Cumbria

Sellafield loses appeal over £700,000 waste fine

  • 17 January 2014
  • From the section Cumbria
Sellafield Nuclear Plant
Sellafield Ltd admitted sending waste to a landfill site in Workington

The operator of Cumbria's Sellafield nuclear reprocessing plant has lost an appeal against a £700,000 fine for wrongly dumping radioactive waste.

Sellafield Ltd was fined in February last year for sending four bags of low-level waste to the Lillyhall landfill site in Workington.

At the time lawyers for the firm said the fine was "manifestly excessive".

But three judges at the Court of Appeal said there were no grounds for criticising the level of the fine.

Last year, Carlisle Crown Court heard the bags, which contained waste such as plastic, tissues and clothing, should have been sent to a specialist facility for low-level radioactive waste.

But a number of management and operational failings led to them being sent to the Lillyhall site.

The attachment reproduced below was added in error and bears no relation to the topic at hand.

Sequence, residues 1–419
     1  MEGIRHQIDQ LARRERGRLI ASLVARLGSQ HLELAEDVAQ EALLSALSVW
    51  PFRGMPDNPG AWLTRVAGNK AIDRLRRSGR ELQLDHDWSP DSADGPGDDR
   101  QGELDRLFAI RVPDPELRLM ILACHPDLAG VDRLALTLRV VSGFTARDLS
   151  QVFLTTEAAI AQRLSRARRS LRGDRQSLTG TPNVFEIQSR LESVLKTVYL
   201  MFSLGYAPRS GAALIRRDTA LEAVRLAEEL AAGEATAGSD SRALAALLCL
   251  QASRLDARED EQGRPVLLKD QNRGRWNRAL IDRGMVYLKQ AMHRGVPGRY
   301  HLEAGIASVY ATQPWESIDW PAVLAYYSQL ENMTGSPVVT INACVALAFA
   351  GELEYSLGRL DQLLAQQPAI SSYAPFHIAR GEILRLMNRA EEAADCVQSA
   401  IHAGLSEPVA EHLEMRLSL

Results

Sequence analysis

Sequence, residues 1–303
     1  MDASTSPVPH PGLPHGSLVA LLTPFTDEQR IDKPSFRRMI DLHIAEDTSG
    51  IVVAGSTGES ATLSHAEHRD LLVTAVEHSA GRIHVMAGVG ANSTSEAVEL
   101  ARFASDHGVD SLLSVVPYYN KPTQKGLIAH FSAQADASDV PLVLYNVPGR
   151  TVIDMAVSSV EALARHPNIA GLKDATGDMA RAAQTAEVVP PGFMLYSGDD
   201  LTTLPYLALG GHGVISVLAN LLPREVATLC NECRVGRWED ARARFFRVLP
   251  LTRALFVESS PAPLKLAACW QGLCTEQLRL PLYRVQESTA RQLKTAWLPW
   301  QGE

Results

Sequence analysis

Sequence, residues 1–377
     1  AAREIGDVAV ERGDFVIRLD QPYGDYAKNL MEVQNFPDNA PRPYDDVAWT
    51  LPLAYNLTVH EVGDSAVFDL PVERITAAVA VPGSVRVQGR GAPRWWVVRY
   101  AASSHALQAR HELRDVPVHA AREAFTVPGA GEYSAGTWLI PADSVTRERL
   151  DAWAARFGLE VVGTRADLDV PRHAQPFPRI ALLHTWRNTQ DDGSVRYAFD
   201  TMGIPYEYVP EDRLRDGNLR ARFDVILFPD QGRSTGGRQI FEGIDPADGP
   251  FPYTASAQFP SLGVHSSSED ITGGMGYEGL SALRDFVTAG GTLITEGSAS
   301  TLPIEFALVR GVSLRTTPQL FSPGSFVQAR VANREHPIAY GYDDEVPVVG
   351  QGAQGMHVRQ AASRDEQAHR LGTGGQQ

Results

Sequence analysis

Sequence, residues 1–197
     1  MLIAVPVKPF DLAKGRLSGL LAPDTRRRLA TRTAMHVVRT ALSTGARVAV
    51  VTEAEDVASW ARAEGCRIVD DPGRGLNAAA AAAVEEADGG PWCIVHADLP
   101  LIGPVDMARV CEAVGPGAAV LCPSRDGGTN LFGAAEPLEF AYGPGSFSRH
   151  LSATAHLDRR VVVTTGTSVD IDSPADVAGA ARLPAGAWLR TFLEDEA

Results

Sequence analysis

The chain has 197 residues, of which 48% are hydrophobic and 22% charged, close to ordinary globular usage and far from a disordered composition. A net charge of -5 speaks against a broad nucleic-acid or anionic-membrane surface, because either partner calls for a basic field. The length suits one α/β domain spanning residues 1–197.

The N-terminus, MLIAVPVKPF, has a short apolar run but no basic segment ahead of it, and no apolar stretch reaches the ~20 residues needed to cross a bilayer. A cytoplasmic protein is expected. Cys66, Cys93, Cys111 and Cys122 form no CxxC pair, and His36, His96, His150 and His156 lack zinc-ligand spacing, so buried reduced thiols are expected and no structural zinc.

Sellafield Ltd, which admitted seven charges brought by the Environment Agency and Health and Safety Executive (HSE), said the error was caused by the wrong configuration of a new monitor, which passed the bags as "general waste".

'Real incentive'

The bags were later retrieved and returned to the plant for correct disposal.

The company said the fine was too large given that there was a negligible risk of any harm and it was not a deliberate or reckless offence.

Lord Chief Justice Lord Thomas, sitting with Mr Justice Mitting and Mrs Justice Thirlwall, said Sellafield bosses deserved credit for pleading guilty at the first available opportunity.

But he added the fine would "bring home" to the Sellafield directors the seriousness of the offences.

"A fine of the size imposed, even though only a little more than a week's profit and about 2% of its weekly income, would, in our view ... provide a real incentive to the directors and shareholders to remedy the failures which the judge found existed."

Richard Matthews QC, for the company, told the court that a "great many measures" had been put in place by the company following the prosecution to prevent further incidents.

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